Start with an old ghost story, add a dose of politics, subtract almost all semblance of ethics and what do you get? The answer lies in the plot of "The Ghost of Fannie Guthry-Baehm, a Murder Mystery," by Jonathan Faulkner of Homer.
Much of the book is fictionalized, a creation of Faulkner's imagination. However, it is inspired by actual events set in real-life locations, such as the historic Van Gilder Hotel, a site familiar to Faulkner, one of the hotel's owners.
Built in Seward in 1916, the hotel serves as the story's backdrop. Equally important is Fannie, who was murdered in the Van Gilder in 1950 and whose spirit is believed by many to still inhabit the hotel. One suite is even named in her honor.
During the hotel's lifetime, it has offered temporary lodging to such notables as U.S. President Warren G. Harding during the first presidential tour of the territory of Alaska. But it is the presence of Fannie the ghost, rather than any of the hotel's colorful guests, that Faulkner chooses to weave in and out of the book's 296 pages.
"It's my first book and the subject matter is kind of compelling because, number one, the ghost is real to a lot of people and, number two, it's an actual murder that took place. So, it has that historic flavor to it," said Faulkner.
Lest readers doubt the hotel's claim to its resident ghost -- even Faulkner shies away from saying he's witnessed Fannie's presence -- there are those who swear she is there. Such claims have led to the hotel being the subject of at least one Halloween television special, the most recent offering an on-camera interview with a hotel guest willing to share his experience.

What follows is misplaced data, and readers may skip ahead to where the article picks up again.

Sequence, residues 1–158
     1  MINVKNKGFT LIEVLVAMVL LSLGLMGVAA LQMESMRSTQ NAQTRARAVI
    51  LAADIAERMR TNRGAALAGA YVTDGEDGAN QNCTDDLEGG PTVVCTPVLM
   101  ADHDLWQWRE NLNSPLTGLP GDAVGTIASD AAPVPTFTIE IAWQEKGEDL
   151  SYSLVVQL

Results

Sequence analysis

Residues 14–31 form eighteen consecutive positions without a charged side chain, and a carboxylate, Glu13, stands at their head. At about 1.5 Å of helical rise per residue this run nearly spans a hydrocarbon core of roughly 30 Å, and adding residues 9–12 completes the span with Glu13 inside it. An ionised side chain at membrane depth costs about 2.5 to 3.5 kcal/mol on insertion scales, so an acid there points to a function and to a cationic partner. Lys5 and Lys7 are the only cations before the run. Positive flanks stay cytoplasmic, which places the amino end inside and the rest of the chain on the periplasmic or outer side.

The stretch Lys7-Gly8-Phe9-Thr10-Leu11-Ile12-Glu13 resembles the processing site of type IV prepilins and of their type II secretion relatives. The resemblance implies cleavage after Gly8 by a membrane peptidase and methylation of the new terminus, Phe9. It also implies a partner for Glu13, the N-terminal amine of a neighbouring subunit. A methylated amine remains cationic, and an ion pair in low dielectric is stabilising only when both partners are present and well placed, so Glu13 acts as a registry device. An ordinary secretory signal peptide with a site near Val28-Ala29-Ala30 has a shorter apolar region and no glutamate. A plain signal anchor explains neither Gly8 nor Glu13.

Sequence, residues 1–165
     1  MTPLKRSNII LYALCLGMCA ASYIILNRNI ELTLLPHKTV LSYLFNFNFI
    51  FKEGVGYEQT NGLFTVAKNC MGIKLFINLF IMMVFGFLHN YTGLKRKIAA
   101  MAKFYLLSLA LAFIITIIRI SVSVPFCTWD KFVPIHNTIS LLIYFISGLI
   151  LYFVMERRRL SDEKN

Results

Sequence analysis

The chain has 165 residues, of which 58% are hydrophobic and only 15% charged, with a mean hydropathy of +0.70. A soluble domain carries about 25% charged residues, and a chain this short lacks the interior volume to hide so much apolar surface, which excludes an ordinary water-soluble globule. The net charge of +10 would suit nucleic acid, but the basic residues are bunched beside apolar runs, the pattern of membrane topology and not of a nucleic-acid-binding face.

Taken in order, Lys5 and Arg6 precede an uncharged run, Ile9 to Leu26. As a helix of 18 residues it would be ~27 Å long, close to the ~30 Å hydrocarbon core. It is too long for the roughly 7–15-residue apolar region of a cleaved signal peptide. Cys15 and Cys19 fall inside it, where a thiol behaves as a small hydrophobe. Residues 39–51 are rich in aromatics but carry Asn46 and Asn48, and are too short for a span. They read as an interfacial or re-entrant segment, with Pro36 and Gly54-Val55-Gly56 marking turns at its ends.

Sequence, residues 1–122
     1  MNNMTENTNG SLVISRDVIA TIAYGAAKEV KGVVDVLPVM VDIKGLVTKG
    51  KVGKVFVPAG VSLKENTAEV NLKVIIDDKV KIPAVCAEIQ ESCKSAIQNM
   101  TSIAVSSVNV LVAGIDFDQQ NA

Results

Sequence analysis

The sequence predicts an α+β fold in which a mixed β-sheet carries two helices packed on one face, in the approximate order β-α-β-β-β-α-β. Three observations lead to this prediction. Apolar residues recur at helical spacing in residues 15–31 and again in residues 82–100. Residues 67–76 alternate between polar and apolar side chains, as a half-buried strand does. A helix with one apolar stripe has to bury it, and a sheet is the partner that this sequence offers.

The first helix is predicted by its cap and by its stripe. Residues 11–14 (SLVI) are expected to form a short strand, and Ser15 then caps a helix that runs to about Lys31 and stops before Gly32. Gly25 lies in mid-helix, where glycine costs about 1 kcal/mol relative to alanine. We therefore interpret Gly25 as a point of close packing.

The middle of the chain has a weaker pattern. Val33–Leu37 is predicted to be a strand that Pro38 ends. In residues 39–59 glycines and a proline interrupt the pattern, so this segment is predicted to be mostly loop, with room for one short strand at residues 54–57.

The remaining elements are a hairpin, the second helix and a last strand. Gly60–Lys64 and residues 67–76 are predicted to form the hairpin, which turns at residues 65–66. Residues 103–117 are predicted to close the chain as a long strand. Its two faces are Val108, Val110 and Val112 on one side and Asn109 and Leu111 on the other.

"He sent a formal letter that recounted his encounter with the ghost of Fannie," said Faulkner. "I didn't think much of it at the time. You hear a lot of that so I just kind of blew it off, but he took the time to write it down."
When KTUU-TV Channel 2 in Anchorage asked Faulkner about doing a haunted house special, he put the station in touch with the letter writer, Carl Hild, an Alaska Pacific University professor.
The letter is included in the book, with only Hild's name changed by Faulkner. In it, the professor details being awakened around midnight by the presence of a woman who seemed tired and appeared to move "through" furniture and the door. The following morning, the professor was unnerved when the hotel management shared with him another person's encounter with the ghostly presence. He ends his letter by conculding the room did indeed house the ghost of Ms. Guthry-Baehm.
But that is only part of Faulkner's story. The rest lies in his version of Alaska's political scandals, complete with arrests, trials and sentencings that have made the front pages of newspapers across the nation. Characters and events have been fictionalized to create a plot of corruption that leads to a second murder in the Van Gilder. Anyone vaguely familiar with the less-than-stellar aspects of the state's political history will recognize Faulkner has created a puzzle with snuggly interlocking pieces.
"It's a work of passion," he said. "The Alaskan intrigue is largely based on actual events, so it was kind of interesting in the sense that the ghost story revolves around actual history. That was my history side coming out. It was fairly fun to write."
In addition to being available at the Van Gilder Hotel, copies of "The Ghost of Fannie Guthry-Baehm, a Murder Mystery" also can be found in Homer at Land's End Resort and the Homer Bookstore.
McKibben Jackinsky can be reached at email@example.com.
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